• Full Court of the Federal Court of Australia: Appeals from the Federal Court are heard by 3 judges, instead of the Federal Court’s 1 judge. This is the equivalent of a Supreme Court (Court of Appeals).
  • High Court of Australia. Appeals from Division 1, the Full Court of the Federal Court, Supreme Courts, and the Family Court of Western Australia. The High Court’s original jurisdiction will be discussed in the next article.

State/territory jurisdiction:

  • Inferior and intermediate courts and their jurisdiction change from jurisdiction to jurisdiction, and some jurisdictions lack intermediate courts.
  • Family Court of Western Australia: Western Australia is the only state or territory to have its own family court.
  • Supreme Court (Trial Division): Also known as the Supreme Court. This court has original jurisdiction over serious criminal and civil law matters. This depends on the monetary amount involved (in civil law cases) or sentence length (criminal law cases).
  • Supreme Court (Court of Appeals): Appellate jurisdiction over all state/territory-level court matters.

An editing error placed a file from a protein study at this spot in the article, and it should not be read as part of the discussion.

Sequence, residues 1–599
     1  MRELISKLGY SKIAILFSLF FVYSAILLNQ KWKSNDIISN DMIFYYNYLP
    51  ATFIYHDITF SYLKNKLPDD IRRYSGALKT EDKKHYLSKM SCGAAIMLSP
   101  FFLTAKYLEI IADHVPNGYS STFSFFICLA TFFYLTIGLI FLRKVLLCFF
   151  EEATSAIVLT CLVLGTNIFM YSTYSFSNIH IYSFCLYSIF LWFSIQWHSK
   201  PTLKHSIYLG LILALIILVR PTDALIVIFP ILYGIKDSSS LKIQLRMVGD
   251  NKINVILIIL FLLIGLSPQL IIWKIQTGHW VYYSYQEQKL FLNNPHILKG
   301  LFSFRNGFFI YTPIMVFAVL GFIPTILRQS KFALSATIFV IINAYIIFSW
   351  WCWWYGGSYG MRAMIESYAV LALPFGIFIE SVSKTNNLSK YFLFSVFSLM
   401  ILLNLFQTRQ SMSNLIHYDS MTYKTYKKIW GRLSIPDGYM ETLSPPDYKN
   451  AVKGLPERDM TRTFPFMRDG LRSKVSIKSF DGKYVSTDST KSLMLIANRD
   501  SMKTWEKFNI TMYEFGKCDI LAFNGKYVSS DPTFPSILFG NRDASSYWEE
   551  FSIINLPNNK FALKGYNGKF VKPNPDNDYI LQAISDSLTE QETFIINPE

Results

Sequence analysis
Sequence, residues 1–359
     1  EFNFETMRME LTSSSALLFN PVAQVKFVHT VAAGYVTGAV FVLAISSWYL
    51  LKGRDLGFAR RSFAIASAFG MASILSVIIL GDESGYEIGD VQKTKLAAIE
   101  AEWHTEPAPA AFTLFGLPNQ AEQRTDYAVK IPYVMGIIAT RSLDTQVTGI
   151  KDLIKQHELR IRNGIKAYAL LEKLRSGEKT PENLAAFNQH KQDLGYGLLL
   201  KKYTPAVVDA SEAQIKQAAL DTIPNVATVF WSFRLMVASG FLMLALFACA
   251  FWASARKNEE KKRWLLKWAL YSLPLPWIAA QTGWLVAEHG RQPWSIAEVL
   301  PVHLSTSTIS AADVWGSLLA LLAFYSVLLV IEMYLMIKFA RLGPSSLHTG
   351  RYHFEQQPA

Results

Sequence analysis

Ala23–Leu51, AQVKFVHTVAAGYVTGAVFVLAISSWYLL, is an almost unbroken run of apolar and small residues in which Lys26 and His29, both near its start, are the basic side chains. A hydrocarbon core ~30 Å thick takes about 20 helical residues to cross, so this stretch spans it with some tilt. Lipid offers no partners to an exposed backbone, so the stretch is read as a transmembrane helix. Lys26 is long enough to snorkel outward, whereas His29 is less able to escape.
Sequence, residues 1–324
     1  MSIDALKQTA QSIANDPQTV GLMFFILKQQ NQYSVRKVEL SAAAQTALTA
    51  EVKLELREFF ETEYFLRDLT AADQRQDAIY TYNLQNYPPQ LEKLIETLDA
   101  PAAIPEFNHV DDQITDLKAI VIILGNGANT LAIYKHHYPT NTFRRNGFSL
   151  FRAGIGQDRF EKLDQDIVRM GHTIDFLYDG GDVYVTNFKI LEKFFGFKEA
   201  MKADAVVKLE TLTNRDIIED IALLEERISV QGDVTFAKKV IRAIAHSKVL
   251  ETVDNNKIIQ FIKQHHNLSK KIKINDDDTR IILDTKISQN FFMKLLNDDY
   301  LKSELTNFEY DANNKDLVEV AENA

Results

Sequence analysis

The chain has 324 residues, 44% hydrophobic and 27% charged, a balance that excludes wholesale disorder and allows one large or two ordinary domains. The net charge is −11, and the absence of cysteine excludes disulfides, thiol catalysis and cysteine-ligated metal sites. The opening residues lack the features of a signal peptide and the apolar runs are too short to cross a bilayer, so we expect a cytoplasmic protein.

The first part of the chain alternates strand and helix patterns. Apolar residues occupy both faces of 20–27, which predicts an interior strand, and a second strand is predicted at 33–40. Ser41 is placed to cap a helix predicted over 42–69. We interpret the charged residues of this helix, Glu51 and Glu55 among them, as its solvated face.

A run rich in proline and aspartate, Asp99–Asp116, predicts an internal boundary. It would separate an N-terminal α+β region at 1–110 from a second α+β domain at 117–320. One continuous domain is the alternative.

Courts must follow ‘precedent’ set by a superior court within their jurisdiction. Therefore, a ruling made in the Queensland Supreme Court (Court of Appeals) about murder will be binding on any future cases in any lower court in the state involving murder. The way to get around this is to ‘distinguish’ the case at hand from the case that set the precedent by demonstrating how the factual situation is different, and therefore the precedent is not applicable. However, that murder case will not set precedent for any future case in the same court, nor in any other jurisdiction (state or territory) in Australia, although it will be highly influential. Similarly, rulings from a lower court in the same jurisdiction will not set precedent. This means that High Court cases set precedent for all relevant jurisdictions, unless that case can be distinguished. UK cases are prima facie (on the face of the matter, until proven otherwise) the next most influential, because Australian law is built on British law. The common origin of Canadian and New Zealand law means that they are the next rung down, in terms of influence. Finally, American cases have less than those jurisdictions already mentioned, but more than those not mentioned, because the US legal system is not entirely based on the British system.